Structured Vs. Unstructured Interview Techniques: Which Works Best?
- Jun 14, 2016
In a world of flextime, employee autonomy, and an overall relaxed workplace environment, you might think that one of today’s best interview techniques would be a casual give-and-take between recruiter and candidate. Yet study after study has shown that organizations who use unstructured job interviews are at a disadvantage in the battle for talent.
Structured vs. Unstructured Interview TechniquesEvery recruiter or hiring manager struggles with just how much they need to structure the interview process. Both structured and unstructured interview techniques have their advantages and disadvantages. Do you know which one is best for you? Structured Interviews Structured interviews include questions that are based on the position’s job requirements and the abilities need to perform the work. Every candidate is asked the same questions and the most common ones look to discover:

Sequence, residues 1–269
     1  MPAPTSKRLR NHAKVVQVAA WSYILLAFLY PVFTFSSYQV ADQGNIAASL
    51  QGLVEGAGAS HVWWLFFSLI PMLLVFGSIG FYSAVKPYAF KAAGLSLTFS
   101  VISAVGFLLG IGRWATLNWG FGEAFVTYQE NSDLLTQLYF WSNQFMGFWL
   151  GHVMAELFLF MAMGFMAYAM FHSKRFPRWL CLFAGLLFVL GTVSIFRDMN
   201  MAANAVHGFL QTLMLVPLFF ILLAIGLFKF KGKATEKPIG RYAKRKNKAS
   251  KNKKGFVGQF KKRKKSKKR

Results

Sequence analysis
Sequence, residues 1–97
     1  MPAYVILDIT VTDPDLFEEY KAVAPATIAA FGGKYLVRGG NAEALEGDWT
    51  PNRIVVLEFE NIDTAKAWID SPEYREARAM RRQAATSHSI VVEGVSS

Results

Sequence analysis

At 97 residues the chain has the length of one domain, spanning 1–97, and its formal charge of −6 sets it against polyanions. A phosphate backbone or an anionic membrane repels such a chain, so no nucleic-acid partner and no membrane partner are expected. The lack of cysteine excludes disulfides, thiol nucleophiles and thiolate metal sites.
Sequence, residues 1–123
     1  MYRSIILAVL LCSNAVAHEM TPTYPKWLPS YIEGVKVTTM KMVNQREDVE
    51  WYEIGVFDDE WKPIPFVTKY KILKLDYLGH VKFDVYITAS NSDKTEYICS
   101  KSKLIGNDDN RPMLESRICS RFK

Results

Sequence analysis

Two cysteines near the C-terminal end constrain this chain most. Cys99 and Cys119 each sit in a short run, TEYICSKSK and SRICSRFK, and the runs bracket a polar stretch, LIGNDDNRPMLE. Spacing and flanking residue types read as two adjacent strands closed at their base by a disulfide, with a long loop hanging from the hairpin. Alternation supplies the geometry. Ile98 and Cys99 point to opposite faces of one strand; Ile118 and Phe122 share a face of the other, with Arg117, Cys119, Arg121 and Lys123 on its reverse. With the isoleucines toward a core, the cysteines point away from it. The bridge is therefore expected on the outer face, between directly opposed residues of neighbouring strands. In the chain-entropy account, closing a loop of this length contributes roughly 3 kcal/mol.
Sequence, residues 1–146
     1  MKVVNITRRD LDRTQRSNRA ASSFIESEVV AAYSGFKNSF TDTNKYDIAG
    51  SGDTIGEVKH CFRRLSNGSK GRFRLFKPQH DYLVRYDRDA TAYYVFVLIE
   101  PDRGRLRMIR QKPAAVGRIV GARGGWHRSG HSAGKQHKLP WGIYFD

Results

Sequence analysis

- A candidate’s strengths and weaknesses.
- How a candidate processes information and makes decisions.
- Whether a candidate would be a good fit for the position and assimilate into a company’s culture.
The Best ApproachMost large IT firms today believe more standardized interview techniques, including structured interviews, are the way to go. Tech giant Google has a data-rich hiring process that eliminates biases and uses structured interviews and a candidate’s background information to determine the best candidate for a job. Recruiters and hiring managers who are willing to accept that their own decision-making skills come with built-in biases and, thus, are not perfect, can come to love big data when it comes to hiring. They’ll soon find that filling positions with qualified candidates using pre-determined criteria has some pretty nice long-term benefits, including improved retention and greater productivity.